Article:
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[*] posted on 11-4-2015 at 13:26


Quote: Originally posted by Fulmen  
Unionised: The point is to do chemistry "from scratch", using only natural, unprocessed raw materials. I love this kind of work, partly "because I can" but also because I love the history of science and technology. I have a dream of making a few grams of uranium and thorium from mines not too far from me. I want to dig the rock out of the ground myself and end up with a cube of metal. Perhaps a retirement-project since the radiation won't be much of an issue anymore :D


I don't know how you would get access to a mine. Perhaps paying the owner for permission to enter for a day?




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[*] posted on 11-4-2015 at 13:27


Unionised nailed it : All chemicals are from natural sources.

The idea is intriguing though.

How to make X from the planet on which we stand (without just buying things).

Could be a good competition, e.g. make compound X using ONLY the dirt in your backyard, and the stuff that is living in it.




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[*] posted on 11-4-2015 at 14:22


Hydrochloric acid is made commercially by bubbling HCl gas through water. HCl gas is made by reacting chlorine and hydrogen gas with UV light, which are both made by electrolysis of a saturated NaCl solution. So this is also doable if you can evaporate seawater.



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Cou
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[*] posted on 11-4-2015 at 14:22


Hydrochloric acid is made commercially by bubbling HCl gas through water. HCl gas is made by reacting chlorine and hydrogen gas with UV light, which are both made by electrolysis of a saturated NaCl solution. So this is also doable if you can evaporate seawater.



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Etaoin Shrdlu
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[*] posted on 11-4-2015 at 14:23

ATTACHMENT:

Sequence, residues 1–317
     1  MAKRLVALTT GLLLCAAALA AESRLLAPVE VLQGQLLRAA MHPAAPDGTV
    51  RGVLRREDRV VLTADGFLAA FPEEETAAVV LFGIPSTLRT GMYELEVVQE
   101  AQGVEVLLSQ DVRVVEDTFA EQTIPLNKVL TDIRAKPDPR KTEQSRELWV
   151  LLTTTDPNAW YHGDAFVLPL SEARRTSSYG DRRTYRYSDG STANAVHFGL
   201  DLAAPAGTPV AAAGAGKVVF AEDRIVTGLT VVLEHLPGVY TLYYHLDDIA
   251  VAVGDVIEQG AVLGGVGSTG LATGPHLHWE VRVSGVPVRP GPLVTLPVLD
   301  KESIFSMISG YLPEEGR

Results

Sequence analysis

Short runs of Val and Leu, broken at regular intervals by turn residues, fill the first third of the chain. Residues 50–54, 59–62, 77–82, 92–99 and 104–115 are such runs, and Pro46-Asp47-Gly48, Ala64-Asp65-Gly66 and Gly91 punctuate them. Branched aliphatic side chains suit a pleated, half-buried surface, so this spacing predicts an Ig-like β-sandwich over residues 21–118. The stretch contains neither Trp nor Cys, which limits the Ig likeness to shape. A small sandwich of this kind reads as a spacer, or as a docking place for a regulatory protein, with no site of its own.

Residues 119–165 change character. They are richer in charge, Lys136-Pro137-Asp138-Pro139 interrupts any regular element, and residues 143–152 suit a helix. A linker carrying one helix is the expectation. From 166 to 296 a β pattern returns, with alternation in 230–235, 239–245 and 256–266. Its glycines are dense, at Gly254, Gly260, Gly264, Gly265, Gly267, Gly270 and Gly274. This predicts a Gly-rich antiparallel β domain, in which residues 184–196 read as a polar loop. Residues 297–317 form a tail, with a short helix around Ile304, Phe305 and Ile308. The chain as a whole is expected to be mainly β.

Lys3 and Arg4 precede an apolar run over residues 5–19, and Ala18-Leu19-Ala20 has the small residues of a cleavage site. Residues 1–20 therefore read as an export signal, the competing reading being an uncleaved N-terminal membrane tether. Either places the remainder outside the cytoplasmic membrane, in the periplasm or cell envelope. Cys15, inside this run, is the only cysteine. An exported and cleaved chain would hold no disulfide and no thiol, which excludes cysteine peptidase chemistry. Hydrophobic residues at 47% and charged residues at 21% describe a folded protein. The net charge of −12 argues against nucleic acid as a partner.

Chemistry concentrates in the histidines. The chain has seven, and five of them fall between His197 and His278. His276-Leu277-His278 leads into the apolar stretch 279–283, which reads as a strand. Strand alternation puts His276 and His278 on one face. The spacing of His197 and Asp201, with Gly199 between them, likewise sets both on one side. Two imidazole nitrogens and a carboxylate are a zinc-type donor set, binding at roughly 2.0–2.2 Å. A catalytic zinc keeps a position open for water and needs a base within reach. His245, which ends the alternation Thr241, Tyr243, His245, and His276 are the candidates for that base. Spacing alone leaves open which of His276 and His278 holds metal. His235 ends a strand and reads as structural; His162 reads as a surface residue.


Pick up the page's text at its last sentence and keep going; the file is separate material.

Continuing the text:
Quote: Originally posted by unionised  
"Chemistry from natural resources only"
Where else would it come from?

Quote: Originally posted by aga  
Unionised nailed it : All chemicals are from natural sources.

Quote: Originally posted by the very first sentence in this thread  
When you are ordering pure chemicals from a site such as elemental scientific, and buying acetone or muriatic acid from a hardware store, it's easy to forget that these things weren't made out of thin air; everything has to start off from natural sources.
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[*] posted on 11-4-2015 at 14:43


There is a practical limit as to how far this can be taken, for instance you can't start mining iron just because you need a spring or make the lab and the glassware from scratch. Making chemicals completely composed from base raw materials is in it self quite possible. Quite a few chemicals are made mostly from air and water, but sooner or later you'll hit a logistical limit where the manufacture of reagents becomes far more arduous than the "core" reaction.



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[*] posted on 11-4-2015 at 16:57


OK, here's the final chart for sulfuric acid (correct me if something is wrong with it):

[Edited on 12-4-2015 by Cou]

[Edited on 12-4-2015 by Cou]




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[*] posted on 11-4-2015 at 21:19


I wad hoping this was some kind of challenge or project.
Disappointed.
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[*] posted on 12-4-2015 at 03:02


Take the knowledge and make your own project if you have an interest. Don't wait for someone else's idea.
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[*] posted on 12-4-2015 at 09:00


Quote: Originally posted by hyfalcon  
Take the knowledge and make your own project if you have an interest. Don't wait for someone else's idea.